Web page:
Librarianship, No. 8 (Urbana: University of Illinois Press, 1967).
It is too far out of date to be of much use, but you can learn from
it what bibliography is like.
2. Another of my old favorites:
Louise-Noelle Malcles, Manuel de
bibliographie, 4th ed., revue et augmentee par Andree Lheritier
[sic] (Paris: PUF, 1984).
3. A collection of articles you
might find interesting:
Bibliographic Instruction. The Second Generation, ed. Constance A.
Mellon (Littleton, CO: Libraries Unlimited, 1987).
4. A good start might be: An
Introduction to Bibliographical and
Textual Studies, by William Proctor Williams & Craig S. Abbott, 3d
ed. (NY: MLA, 1999). Don't spend much time with this one.
[The particular journal or publisher
for whom you are writing is
likely to have a style manual of its or his own, and you need to
ask for it.]
1. There are literally hundreds
of style manuals. Cf. John B.
Howell, Style Manuals of the English Speaking World: A Guide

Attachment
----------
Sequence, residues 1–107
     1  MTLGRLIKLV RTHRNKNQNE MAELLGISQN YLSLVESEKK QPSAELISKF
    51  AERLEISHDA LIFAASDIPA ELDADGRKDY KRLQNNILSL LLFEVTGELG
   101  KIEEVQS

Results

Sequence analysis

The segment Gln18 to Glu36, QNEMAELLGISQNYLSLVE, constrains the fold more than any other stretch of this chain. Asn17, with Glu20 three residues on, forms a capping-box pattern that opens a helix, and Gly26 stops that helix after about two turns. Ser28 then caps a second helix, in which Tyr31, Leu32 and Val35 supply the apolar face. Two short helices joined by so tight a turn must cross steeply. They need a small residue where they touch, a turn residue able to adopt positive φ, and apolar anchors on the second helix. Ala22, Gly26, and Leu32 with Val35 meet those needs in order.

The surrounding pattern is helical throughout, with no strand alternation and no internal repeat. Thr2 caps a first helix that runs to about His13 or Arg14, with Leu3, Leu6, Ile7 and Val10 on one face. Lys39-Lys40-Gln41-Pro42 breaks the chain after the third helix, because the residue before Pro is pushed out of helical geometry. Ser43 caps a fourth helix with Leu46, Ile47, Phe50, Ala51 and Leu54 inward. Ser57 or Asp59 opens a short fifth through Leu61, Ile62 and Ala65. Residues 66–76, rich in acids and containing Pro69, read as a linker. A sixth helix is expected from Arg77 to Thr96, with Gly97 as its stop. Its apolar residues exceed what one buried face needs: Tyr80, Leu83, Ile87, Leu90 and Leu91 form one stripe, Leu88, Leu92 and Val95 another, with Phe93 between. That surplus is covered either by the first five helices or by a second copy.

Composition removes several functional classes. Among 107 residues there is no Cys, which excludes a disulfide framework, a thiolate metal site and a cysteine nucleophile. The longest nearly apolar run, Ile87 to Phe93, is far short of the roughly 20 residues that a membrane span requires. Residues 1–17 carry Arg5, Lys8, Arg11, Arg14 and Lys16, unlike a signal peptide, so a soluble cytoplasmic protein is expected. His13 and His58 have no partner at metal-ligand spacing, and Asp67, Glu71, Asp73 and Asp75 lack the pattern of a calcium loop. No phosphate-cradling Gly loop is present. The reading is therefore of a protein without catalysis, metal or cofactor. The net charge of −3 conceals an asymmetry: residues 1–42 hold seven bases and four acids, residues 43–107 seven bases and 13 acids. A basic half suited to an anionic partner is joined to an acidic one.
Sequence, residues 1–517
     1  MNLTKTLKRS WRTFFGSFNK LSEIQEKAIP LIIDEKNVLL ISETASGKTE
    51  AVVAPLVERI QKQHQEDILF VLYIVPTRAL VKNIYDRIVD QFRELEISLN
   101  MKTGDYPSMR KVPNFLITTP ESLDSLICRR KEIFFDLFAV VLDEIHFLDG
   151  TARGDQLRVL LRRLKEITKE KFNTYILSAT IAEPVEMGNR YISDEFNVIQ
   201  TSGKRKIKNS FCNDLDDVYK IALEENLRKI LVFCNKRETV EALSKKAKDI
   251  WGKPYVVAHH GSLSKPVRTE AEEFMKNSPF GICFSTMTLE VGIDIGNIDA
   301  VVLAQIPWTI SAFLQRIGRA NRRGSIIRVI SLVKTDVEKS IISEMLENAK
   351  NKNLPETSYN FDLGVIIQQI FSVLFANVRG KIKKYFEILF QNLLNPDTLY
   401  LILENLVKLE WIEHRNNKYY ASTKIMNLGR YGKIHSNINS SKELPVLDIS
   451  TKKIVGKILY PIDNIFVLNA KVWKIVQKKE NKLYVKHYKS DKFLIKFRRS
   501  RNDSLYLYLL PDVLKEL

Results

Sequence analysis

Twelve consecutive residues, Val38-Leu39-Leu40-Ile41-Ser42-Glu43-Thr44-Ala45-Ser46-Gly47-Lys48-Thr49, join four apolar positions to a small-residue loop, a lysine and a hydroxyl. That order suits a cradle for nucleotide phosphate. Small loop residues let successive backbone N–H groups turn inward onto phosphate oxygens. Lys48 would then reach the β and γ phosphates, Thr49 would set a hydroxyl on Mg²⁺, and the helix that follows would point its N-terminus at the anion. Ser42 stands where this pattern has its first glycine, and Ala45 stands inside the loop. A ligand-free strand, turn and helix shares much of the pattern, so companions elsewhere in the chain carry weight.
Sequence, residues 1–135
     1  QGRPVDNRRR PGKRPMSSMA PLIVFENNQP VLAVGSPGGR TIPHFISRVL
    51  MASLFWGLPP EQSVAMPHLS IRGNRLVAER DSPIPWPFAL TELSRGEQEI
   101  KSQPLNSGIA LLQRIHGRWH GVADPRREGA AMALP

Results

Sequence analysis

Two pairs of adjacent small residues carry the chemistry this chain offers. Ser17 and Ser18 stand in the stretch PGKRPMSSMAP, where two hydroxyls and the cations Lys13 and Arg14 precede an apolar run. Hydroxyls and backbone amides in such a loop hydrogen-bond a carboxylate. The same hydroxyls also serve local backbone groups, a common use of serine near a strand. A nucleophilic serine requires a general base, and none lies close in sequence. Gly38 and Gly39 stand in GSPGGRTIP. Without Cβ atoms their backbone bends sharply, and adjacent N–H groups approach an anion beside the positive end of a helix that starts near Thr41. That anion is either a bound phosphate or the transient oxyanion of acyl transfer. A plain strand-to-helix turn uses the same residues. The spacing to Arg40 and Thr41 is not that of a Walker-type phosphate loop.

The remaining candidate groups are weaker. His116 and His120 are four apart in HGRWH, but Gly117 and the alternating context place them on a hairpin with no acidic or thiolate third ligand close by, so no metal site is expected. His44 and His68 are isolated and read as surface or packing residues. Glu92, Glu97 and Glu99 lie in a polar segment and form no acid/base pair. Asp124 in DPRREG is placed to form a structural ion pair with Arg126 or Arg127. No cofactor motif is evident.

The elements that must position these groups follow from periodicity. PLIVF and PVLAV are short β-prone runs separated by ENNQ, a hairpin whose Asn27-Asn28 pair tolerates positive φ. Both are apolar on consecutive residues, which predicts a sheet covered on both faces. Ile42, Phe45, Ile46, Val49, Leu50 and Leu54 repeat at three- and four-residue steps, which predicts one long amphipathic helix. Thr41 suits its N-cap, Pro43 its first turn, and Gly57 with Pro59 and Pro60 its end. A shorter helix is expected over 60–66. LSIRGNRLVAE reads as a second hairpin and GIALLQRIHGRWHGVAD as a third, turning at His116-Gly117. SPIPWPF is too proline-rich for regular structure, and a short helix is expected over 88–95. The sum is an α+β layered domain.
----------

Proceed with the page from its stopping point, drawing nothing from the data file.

(Phoenix: Oryx, 1983).
2. Many of the journals in our
field will use: MLA Style Manual and
Guide to Scholarly Publishing, Joseph Gibaldi, 2d ed. (NY: MLA,
3. The standard work is: The
Chicago Manual of Style, 14th ed.
(Chicago: UChicago Press, 1993).
4. Frequently used: Kate L. Turabian,
A Manual for Witers of Term
Papers, Theses, and Dissertations, 6th ed., rev. by John Grossman
and Alice Bennett. Chicago Guides to Writing, Editing and
Publishing (Chicago: UChicago Press, 1996). A sort of distillation
of the Chicago Manual of Style.
[Most of the following are for
modern works. For the Middle Ages,
see the WEMSK on codicology.]
1. The standard, and your first
port of call: Fredson Bowers,
Principles of Bibliographical Description (Princeton: PUP, 1949;
rept. NY: Russell, 1962).
2. An old stand-by, still worth
looking at: Ronald B. McKerrow, An
Introduction to Bibliography for Literary Students (Oxford: OUP,
1927). Repr. with Introduction by David McKitterick. St. Paul's
Bibliographies (New Castle, Delaware: Oak Knoll Press, 1994).
3. Intended to replace McKerrow,
but not quite up to it: Philip
Gaskell, A New Introduciton to Bibliography (Oxford: OUP, 1972).
4. Georg Schneider, Handbuch
der Bibliographie, 4th ed. (Leipzig:
Hiersemann, 1930). For the theoretical matter, left out in the 4th
ed., see the English translation by R. R. Shaw, Theory and History
of Bibliography (NY: Columbia UP, 1934). Old, but good.